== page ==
Monthly Parenting Magazine

My IVF survival tips

IVF survival tips

Absolutely Mama Editor Carly Glendinning shares her IVF survival tips…

It took five years to conceive my daughter via IVF (In Vitro Fertilisation), and during that time I went through 10 egg collections, six embryo transfers, an ectopic pregnancy, and a few miscarriages.

It was a difficult journey in every way you can imagine – putting me and my husband through the wringer physically, mentally, and emotionally. During this time, I was always very open with friends and family about what we were going through. This was for many reasons, but not least because I feel very strongly that we need to end the stigma around fertility treatment.

According to the NHS, around one in seven couples in the UK are affected by fertility struggles. It’s so common, that there really shouldn’t be reason why people should have to suffer in silence anymore.

As this week is National Fertility Awareness Week (30th October – 5th November), I wanted to share a little bit about what we went through and also give my survival tips if you’ve got an IVF cycle coming up. I really hope it’s helpful, and I’m crossing my fingers for you (and sending a big hug!) wherever you were.

Do your research

I didn’t really know anyone who had gone through IVF when I started. So my journey had an element of trial and error to find the right clinics and specialists.It can be good to speak to someone who has been through it. The clinic that helped us conceive our daughter was recommended to us by two different people.

We went with a ‘natural’ approach to IVF where they give you less drugs with the aim of retrieving less, but better quality eggs. This approach worked in our favour, due to me having low ovarian reserve. I wouldn’t have even considered natural IVF if it hadn’t had been recommended to me by a friend of a friend.

When you’ve settled on a fertility clinic, read the reviews and consider factors like success rates and patient care.

Tell your work

This is a tricky one. Telling your work that you’re trying to get pregnant and go on maternity leave (but you don’t know when), is nerve wracking. During the five years I was trying to get pregnant, I worked at several different companies in freelance and full-time roles, so I had to go through this several times.

When you’re going through an IVF cycle you often need to go to appointments regularly, and excuses about needing to go to the dentist or optician can run out super quickly. I decided to tell each place that I was working at, and I was so surprised at how supportive people were. It made it a lot less stressful when I had to get to appointments with little notice.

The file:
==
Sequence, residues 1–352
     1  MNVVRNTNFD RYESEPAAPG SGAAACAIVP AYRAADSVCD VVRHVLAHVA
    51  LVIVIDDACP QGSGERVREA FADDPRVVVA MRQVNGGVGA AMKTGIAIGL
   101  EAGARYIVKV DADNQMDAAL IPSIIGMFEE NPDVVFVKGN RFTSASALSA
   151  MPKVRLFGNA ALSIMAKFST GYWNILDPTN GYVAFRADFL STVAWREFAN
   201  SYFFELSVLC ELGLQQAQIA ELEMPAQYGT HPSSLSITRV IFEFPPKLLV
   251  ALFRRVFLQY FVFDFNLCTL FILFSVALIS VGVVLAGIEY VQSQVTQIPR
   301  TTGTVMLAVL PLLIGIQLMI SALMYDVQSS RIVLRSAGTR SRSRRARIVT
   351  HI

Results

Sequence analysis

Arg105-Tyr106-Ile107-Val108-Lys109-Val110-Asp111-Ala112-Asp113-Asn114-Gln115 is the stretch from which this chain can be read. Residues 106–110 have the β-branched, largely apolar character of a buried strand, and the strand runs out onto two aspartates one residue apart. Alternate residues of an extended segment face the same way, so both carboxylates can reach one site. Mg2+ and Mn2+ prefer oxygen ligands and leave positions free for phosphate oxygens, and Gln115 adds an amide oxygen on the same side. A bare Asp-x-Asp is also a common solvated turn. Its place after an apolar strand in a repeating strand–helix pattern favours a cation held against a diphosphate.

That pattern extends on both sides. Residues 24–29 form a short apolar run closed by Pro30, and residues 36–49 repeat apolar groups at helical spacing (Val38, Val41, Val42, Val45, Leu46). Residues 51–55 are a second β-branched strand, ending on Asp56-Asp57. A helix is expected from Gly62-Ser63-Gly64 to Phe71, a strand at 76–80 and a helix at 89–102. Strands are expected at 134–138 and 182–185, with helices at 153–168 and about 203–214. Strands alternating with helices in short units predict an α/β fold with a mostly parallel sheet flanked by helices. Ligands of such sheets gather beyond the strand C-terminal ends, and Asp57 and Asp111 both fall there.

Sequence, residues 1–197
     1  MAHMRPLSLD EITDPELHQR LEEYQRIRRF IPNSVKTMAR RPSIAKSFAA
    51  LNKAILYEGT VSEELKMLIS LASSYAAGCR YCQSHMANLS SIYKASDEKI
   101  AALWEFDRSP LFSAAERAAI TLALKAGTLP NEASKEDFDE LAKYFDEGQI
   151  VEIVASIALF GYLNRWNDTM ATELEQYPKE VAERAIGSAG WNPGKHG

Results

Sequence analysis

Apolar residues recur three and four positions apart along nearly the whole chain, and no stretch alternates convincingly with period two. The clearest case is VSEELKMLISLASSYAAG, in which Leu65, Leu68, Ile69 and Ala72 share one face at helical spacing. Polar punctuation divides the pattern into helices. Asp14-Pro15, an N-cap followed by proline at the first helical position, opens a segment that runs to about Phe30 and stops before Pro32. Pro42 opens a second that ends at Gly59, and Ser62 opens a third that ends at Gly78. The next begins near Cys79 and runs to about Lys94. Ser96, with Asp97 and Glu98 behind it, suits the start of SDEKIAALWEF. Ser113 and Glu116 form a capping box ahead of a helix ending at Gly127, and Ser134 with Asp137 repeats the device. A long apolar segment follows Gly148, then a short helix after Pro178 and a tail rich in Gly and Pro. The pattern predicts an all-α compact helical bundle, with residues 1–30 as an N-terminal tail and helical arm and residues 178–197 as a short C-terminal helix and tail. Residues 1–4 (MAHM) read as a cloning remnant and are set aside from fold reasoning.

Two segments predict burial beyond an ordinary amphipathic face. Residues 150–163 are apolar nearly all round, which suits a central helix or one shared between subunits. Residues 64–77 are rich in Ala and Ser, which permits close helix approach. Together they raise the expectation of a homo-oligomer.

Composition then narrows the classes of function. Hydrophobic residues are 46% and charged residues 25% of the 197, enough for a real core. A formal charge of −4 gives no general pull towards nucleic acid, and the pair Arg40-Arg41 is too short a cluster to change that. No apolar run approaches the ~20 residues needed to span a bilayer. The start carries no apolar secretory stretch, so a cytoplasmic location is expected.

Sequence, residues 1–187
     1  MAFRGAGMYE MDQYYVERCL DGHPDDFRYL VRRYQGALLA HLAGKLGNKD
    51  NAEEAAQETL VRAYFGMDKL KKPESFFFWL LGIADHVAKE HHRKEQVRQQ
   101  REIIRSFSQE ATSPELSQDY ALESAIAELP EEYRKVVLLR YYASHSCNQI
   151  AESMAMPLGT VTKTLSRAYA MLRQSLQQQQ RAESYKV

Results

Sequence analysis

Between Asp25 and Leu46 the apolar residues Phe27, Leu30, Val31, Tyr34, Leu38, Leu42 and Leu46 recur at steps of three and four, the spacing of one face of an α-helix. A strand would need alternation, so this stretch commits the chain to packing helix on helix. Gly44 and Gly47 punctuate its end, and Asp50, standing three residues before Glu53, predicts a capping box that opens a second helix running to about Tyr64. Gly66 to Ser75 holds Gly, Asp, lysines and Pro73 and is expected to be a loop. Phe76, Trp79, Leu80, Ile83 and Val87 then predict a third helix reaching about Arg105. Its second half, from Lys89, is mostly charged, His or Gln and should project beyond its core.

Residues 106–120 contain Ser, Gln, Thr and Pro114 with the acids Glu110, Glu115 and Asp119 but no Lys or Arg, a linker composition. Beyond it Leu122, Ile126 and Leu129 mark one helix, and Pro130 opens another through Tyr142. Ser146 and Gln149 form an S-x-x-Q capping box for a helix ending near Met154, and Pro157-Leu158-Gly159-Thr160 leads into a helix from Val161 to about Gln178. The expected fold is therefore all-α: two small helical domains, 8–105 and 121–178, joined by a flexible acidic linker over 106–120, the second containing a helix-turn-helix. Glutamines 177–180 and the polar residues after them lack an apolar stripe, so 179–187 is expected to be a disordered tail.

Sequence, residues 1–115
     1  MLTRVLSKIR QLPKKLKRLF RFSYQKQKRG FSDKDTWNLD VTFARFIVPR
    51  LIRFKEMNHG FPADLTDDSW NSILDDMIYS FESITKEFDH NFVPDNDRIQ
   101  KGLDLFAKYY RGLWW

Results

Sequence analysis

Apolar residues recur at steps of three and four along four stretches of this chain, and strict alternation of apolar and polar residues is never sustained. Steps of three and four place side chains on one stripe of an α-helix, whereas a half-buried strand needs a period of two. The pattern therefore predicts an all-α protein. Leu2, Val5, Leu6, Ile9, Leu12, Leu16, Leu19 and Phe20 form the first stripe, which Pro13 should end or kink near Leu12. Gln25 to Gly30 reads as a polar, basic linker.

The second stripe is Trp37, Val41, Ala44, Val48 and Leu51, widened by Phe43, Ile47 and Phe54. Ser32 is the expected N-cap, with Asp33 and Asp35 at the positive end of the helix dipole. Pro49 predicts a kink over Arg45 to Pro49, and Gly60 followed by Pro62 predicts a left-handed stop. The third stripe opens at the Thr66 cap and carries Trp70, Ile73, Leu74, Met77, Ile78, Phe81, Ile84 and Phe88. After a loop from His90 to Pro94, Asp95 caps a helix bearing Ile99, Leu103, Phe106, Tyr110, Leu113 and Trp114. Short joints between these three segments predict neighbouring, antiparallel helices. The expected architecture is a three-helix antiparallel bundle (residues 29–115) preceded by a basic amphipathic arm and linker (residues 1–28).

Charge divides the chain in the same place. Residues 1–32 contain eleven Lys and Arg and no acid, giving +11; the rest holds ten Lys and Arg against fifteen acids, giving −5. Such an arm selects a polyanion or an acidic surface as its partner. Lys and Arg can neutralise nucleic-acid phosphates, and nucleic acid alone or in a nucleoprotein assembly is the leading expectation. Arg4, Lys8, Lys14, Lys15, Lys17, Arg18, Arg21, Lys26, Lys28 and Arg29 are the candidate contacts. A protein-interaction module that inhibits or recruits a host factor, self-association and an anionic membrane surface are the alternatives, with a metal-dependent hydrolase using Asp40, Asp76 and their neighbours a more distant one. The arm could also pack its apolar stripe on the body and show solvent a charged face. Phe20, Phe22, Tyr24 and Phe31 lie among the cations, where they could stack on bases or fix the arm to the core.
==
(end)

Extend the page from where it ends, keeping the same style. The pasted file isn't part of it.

In return for the flexibility, I worked around my appointments – making up time when I needed to. Granted, I was working in very female-centric businesses, and some of my bosses were mums themselves. If you’re nervous about telling your work though, I’d think of it as a test how good an employer they’ll be when you actually do become a parent.

Build an amazing support system

I can’t stress this one enough. Tell your friends and family. IVF is tough, so you’ll need everyone’s love and support.

I also found it really good to widen my support circle, because everyone has different perspective to offer. Some people were there for great hugs; others were really good at keeping track of all my appointments and texting to check in when I most needed it; and then there were the people who were just really great at making me laugh through all the absolute worst of times.

Find ways to manage the stress

IVF treatment can be a lot, so finding outlets for the stress is so so important.

I didn’t do any counselling through my IVF journey. I had lots of amazing friends to support me and I just didn’t feel ready to talk to a professional. In some ways I wish I had, because I’m now going through some therapy post-treatment.

However, I don’t think you necessarily have to have counselling at the time if you don’t want to. There’s lots of other ways to manage the stress, whether that’s a breath-work course, taking yoga classes, or letting it all out in the gym.

Just make sure you’ve got something that makes you feel better.